Anitphospholipid syndrome (APS) is a sickness that affects the clotting mechanisms and can cause problems during pregnancy, provoking an insufficient growth of the foetus or high blood pressure.
It is included under thrombophilia, which comprises all the illnesses, in which there’s a tendency to the thrombus formation in blood vessels. It’s produced due to the presence of antibodies in blood that alter the phospholipids mechanism, substances that are needed for a proper blood flow and clotting.
It is also known as antiphospholipidic syndrome and many people who suffer from it may not show any symptoms. Actually, 2% of women who have to endure it don’t manifest any symptoms. It’s neither contagious nor a terminal sickness, but it has to be taken into account during pregnancy, due to the impact that it can have on foetal development.
The most common complications during pregnancy are usually: thrombosis, abortions, delayed foetal growth, preterm deliveries and severe high blood pressure.
Its identification plays a vital role in women with a history of thrombosis, preterm deliveries, abortions and recurring foetal deaths with unknown cause. It’s also crucial in women that present high blood pressure or manifest or have a history of inappropriate intrauterine foetal growth.
The diagnosis requires of two criteria, one clinic and one coming from the laboratory, but they don’t have to take place at the same time. Actually, what’s recommended is that there’s a period of time of 12 months between both of them but inferior to 5 years.
Clinic criteria include vascular thrombosis (confirmed according to objective validated criteria) and gestational morbidity. Under this latter criterion are included: normal embryos abortion before the tenth pregnancy week (three or more consecutive abortions), foetal death with unknown cause over the tenth gravidity week in normal foetuses with a normal medically proved morphology, or preterm babies born before the 34th pregnancy week as a consequence of a placental insufficiency but presenting a normal morphology.
The laboratory criterion is the presence of one of the following antibodies: lupus anticoagulant (LA), anticardiolipin antibodies (ACA) and anti-β-2 glycorpotein-I antibodies.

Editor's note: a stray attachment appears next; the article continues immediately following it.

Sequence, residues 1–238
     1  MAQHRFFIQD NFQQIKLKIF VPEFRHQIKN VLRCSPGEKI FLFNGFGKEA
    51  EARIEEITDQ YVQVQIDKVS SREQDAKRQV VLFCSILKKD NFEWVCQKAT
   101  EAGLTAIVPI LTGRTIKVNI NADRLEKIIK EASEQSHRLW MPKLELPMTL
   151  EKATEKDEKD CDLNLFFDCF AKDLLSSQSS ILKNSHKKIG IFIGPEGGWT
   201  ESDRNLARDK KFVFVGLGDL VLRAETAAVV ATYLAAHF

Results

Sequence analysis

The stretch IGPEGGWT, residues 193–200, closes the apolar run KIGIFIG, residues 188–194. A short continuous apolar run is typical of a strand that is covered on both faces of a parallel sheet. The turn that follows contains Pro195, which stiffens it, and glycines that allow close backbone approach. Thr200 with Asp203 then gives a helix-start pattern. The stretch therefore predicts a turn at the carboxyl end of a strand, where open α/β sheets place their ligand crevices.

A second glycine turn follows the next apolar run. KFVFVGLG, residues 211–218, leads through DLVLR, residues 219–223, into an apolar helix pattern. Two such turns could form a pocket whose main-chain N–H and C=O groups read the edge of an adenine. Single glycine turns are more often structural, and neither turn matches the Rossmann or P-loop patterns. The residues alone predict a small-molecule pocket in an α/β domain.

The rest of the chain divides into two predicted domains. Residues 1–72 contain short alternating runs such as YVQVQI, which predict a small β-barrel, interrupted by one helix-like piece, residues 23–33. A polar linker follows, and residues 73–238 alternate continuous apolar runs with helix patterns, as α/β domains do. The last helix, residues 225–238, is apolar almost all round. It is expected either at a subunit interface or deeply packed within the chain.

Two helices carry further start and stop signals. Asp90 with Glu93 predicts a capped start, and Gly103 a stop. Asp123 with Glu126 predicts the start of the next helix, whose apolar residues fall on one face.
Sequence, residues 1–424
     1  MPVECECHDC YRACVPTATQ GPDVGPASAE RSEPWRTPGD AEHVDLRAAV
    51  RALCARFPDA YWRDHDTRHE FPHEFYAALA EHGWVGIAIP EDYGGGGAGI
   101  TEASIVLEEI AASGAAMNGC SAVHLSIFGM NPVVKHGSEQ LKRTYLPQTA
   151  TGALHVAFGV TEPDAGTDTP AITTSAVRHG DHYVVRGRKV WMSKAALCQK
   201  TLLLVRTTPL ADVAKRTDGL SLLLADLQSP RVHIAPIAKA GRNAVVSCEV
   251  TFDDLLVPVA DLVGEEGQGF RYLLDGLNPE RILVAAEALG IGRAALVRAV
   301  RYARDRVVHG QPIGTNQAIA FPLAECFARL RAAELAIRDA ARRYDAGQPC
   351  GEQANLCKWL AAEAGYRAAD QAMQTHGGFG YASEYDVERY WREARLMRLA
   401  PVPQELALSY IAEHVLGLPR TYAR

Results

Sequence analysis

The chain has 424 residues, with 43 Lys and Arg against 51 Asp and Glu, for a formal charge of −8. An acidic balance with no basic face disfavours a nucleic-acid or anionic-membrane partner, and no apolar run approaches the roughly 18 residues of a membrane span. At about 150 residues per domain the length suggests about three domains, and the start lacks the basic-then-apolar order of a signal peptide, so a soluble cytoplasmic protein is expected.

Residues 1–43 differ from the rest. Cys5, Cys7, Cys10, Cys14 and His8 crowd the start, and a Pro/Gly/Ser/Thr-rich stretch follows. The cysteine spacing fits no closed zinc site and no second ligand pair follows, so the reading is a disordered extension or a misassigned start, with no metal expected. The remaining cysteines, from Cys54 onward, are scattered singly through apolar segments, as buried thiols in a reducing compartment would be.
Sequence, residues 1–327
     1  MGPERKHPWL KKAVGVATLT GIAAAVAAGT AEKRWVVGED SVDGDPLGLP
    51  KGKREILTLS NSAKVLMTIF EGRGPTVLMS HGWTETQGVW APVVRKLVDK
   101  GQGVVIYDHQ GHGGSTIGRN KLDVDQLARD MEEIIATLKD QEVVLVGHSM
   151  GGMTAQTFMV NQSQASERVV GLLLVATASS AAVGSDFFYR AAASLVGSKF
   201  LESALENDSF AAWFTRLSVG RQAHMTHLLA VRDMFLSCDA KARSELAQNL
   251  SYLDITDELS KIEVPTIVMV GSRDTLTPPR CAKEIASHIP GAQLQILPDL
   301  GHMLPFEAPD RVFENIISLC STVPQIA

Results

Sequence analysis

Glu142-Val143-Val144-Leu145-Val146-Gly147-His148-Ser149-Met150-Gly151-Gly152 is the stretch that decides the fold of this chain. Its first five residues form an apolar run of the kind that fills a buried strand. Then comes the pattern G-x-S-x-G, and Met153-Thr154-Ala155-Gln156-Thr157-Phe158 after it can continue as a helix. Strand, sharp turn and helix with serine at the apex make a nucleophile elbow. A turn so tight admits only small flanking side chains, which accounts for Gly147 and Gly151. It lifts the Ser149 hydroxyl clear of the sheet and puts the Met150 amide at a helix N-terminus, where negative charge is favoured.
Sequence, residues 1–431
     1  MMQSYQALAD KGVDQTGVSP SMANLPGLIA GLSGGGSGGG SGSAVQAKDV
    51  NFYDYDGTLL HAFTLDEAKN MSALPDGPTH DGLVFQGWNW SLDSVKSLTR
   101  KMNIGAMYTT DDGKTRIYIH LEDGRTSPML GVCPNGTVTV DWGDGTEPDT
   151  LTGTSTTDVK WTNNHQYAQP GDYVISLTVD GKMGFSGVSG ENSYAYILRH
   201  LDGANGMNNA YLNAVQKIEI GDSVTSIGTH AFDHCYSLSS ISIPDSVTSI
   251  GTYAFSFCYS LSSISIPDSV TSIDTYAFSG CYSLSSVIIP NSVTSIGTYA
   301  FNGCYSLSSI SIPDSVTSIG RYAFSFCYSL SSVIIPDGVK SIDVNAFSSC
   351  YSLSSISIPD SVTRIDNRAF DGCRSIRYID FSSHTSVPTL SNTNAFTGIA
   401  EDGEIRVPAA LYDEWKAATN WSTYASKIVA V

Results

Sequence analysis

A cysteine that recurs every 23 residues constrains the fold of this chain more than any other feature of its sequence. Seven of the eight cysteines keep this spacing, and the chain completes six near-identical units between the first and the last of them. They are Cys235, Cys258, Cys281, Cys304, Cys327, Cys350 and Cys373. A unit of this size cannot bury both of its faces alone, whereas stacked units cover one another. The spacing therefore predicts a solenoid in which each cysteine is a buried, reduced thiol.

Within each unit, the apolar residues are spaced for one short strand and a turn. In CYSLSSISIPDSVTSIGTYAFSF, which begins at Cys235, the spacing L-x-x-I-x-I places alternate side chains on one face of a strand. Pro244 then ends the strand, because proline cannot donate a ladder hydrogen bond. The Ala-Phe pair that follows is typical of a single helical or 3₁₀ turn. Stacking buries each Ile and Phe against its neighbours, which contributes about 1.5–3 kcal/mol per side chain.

Clinical manifestations will vary depending on the place and size of the thrombosis, as well as the possible embolisation of other organs. The most frequent are:
- Thrombosis: it´s the most common and it can affect any vessel of the organism. It’s usually recurring and frequently in the same system where it once was. In low risk patients it is an evident sign of the syndrome. It’s common that the illness will appear in situations where the risk increases, such as pregnancy, treatment with contraceptive pills and puerperium (postnatal period).
- Venous thrombosis: as in the previous case, its appearance in low risk individuals is an evident sign of the syndrome. This is the most common type, especially in the lower body.
- Arterial thrombosis: they aren’t as common as the venous ones (30% of the cases are arterial thrombosis and 70% are venous thrombosis) and they are usually located in the brain.
However, the manifestations mentioned above are not the only ones. There’s also: thrombopenia (mild or moderate plateletopenia), livedo reticularis (refers to a blue-reddish skin discoloration, which is severe in cases of APS), and neurological disorders (such as migraine, transverse myelitis, multi-infarct dementia or chorea).
Patients may also develop severe APS, characterised by a severe generalised thrombosis, with a mortality rate of 50%.
Manifestations during gravidity
Recurring abortion is the sickness’ most common manifestation during pregnancy and especially during the second and third trimester. Other manifestations are: delayed foetal development, oligohydramnios, Doppler disruptions, hypoxias and preeclampsia.
Generally all these manifestations provoke preterm deliveries (30% of the cases).
The possible situations in case of APS are so different that there’s polemic about its treatment. Only 30% of the patients with antibodies and no clinic manifestation develop the syndrome. In these cases prophylaxis wouldn’t be appropriate. Nonetheless, if there’s thrombosis, arterial or venous, the need of anticoagulant medicines is evident, be it punctual or of undetermined duration, depending on the recurring risk.
The usage of immunosuppressive medication, steroids, anti-platelet medication… is even more questioned. In the case of cerebral thrombosis, the simultaneous prescription of heparin and steroids, along with azathioprine or cyclophosphamide is recommended.
Aspirin in low doses can be prescribed to pregnant women ever since the beginning of gravidity, if the analysis of antiphospholipid antibodies is positive. Moreover, if there’s a history of thrombosis, abortions or foetal deaths, the usage of prednisone combined with aspirin and subcutaneous heparin is recommended. There are also some alternatives, such as treatments based on plasma exchange and intravenous immunoglobulin in high dose, etc. The treatment chosen will vary depending on the history of the patient, the risks associated with the situation and the specialist prescribing the treatment.
It’s highly important that there’s a multidisciplinary medical control of these patients, with specialists in obstetrics, haematology, internal medicine or rheumatology, and all of them experienced in handling with the syndrome. There must also be a good communication between all the specialists. The patient must be informed of the obstetric and thrombotic risks of the situation and she must be informed about the fact that it’s a cause of foetal loss. Luckily, if a treatment is followed, 80% of the cases result in delivery.